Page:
Amy Belloso

Meet Amy Belloso, an Alumna of our Women’s Treatment Program. In this interview we discuss her life’s journey and how she finds balance living in recovery.


What was your life like growing up?

I grew up in Tarzana, California, the middle of three children in a stable and healthy home. I had a happy middle-class childhood experience. My mother was a nurse and my father owned his own business so they spent a lot of time away from home and this translated into a lack of structure in my life. I was always pushing the limits; my mother has even jokingly referred to me as a monster probably because I never listened and did my own thing. I did well in school until I found drugs and alcohol in eighth grade.


Was there a moment when you realized you needed help?

Throughout my teenage years I knew I was in a very dangerous position, but all I could think is the feeling I got from alcohol and wanting that again. I knew I had a problem, but motherhood and marriage slowed me down. It took two decades for me to realize I needed help and that’s when I sought treatment at CLARE|MATRIX.


What has been one of your most challenging experiences in recovery?

One of the most difficult things for me is having to accept things that are unacceptable. Being away from the people I love, from my children, and having to accept that as my reality in order to recover. It’s frustrating when you know something is wrong and you’re in no position to make it right. I’ve learned to stay open-minded and just keep moving forward.


How do you balance being productive in life while maintaining a stable recovery practice?

I always put recovery first no matter what. I have an amazing boyfriend that works a structured program as well and that definitely helps. Many of the people I work with are in recovery as well so I have support there too. All these things help me to have faith and turn things over to God when I realize situations are out of my control. Practicing gratitude and forgiveness in daily life, always remembering that I’m not the one in charge, and always being there for those that need a helping hand is key to maintaining this life. Not forgetting where I came from helps to keep me where I’m at.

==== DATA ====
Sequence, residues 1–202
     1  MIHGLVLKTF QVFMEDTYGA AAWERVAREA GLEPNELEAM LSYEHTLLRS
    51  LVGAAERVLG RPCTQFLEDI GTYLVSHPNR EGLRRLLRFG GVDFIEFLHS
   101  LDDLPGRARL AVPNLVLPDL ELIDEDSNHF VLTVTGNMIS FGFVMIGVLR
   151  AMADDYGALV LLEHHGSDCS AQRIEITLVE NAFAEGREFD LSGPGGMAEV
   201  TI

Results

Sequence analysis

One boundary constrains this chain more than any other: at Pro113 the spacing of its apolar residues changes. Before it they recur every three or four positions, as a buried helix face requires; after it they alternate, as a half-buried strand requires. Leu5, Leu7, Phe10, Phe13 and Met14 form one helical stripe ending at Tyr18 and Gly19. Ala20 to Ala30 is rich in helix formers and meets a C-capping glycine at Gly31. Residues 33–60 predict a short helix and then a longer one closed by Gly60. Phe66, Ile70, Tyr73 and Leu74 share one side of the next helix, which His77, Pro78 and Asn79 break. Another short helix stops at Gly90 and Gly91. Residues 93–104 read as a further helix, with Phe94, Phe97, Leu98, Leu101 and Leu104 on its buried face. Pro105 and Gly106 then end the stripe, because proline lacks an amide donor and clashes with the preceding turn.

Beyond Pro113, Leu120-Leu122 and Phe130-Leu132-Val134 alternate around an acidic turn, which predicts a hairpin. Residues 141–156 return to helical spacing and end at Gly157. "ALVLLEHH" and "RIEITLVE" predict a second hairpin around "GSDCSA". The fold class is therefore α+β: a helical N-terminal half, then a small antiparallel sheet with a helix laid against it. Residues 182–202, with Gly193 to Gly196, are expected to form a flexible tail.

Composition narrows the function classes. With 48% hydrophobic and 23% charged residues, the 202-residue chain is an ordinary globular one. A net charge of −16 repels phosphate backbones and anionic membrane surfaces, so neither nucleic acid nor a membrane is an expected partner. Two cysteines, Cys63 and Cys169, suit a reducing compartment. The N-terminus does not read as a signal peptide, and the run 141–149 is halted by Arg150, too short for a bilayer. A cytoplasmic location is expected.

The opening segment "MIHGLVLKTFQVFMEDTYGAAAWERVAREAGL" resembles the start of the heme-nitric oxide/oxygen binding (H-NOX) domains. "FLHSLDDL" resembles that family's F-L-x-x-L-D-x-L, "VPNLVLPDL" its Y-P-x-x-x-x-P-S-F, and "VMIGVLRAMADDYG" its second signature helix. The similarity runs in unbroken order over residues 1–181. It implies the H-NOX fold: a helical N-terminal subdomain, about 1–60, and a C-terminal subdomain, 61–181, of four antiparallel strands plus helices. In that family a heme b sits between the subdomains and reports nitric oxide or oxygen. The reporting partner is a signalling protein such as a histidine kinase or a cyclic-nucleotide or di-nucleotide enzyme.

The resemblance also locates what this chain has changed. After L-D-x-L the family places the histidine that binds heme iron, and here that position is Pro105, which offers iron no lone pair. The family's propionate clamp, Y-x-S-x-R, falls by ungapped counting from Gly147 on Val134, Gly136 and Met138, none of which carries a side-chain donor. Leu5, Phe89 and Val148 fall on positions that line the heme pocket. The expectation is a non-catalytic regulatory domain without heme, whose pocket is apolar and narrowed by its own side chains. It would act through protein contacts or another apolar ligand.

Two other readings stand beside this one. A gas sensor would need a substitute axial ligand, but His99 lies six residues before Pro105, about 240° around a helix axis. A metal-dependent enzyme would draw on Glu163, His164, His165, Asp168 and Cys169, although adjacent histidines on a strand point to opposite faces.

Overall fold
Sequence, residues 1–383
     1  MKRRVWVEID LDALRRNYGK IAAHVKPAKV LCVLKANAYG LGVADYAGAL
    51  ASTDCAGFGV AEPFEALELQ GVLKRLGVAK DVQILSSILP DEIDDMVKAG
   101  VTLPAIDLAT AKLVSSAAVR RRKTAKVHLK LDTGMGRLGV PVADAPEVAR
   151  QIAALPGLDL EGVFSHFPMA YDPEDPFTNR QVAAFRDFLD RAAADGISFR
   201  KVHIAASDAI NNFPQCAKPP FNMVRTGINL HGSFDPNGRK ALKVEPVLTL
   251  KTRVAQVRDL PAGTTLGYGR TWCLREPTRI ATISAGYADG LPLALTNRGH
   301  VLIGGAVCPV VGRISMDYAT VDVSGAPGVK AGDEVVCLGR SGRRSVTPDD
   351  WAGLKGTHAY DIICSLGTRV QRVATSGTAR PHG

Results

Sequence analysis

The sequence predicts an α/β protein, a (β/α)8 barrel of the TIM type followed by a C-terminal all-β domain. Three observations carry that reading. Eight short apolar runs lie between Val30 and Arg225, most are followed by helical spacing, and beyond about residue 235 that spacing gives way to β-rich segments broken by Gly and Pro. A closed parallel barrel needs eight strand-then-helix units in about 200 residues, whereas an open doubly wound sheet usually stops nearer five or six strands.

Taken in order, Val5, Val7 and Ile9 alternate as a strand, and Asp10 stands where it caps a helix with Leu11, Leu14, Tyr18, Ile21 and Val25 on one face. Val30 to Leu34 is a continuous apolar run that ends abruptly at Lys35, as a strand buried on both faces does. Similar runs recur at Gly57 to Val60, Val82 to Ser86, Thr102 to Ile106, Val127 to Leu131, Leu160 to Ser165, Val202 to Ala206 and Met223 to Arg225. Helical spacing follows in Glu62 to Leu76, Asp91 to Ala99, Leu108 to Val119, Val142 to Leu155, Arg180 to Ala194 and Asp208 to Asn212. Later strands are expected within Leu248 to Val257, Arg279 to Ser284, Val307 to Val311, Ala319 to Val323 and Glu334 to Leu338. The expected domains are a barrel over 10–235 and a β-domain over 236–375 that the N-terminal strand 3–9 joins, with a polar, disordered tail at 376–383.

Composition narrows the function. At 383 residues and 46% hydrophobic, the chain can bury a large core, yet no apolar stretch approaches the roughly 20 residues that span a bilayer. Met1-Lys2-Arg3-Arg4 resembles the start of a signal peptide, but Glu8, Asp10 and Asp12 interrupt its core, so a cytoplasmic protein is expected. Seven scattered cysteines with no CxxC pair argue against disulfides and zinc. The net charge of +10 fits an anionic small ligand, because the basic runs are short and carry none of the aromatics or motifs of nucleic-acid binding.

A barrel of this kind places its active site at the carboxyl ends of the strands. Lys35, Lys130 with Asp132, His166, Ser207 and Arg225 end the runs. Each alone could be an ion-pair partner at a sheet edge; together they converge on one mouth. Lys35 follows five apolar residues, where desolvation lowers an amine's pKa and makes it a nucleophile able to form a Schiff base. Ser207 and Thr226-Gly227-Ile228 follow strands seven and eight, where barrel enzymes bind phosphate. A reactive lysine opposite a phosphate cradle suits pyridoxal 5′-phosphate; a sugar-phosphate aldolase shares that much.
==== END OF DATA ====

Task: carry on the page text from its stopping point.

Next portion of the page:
What are you grateful for today?

Everything. Faith. Peace of Mind. Feeling calm in the midst of all the craziness in the world is such a blessing. In sobriety I get to live a life free from anxiety and worry. I’ve learned to see things from a humble perspective and I’m grateful that I get to wake up in a safe and healthy home environment. I’m grateful to have a waitressing job that I love, that gives me the financial stability I need to pursue my real estate license. I’m grateful for my ability to maintain healthy relationships. I’m able to be there for my daughter today. She’s my best friend and watching her blossom into a strong, smart, and independent woman makes my heart happy. Things aren’t perfect and it’s not always easy, but I’m always grateful.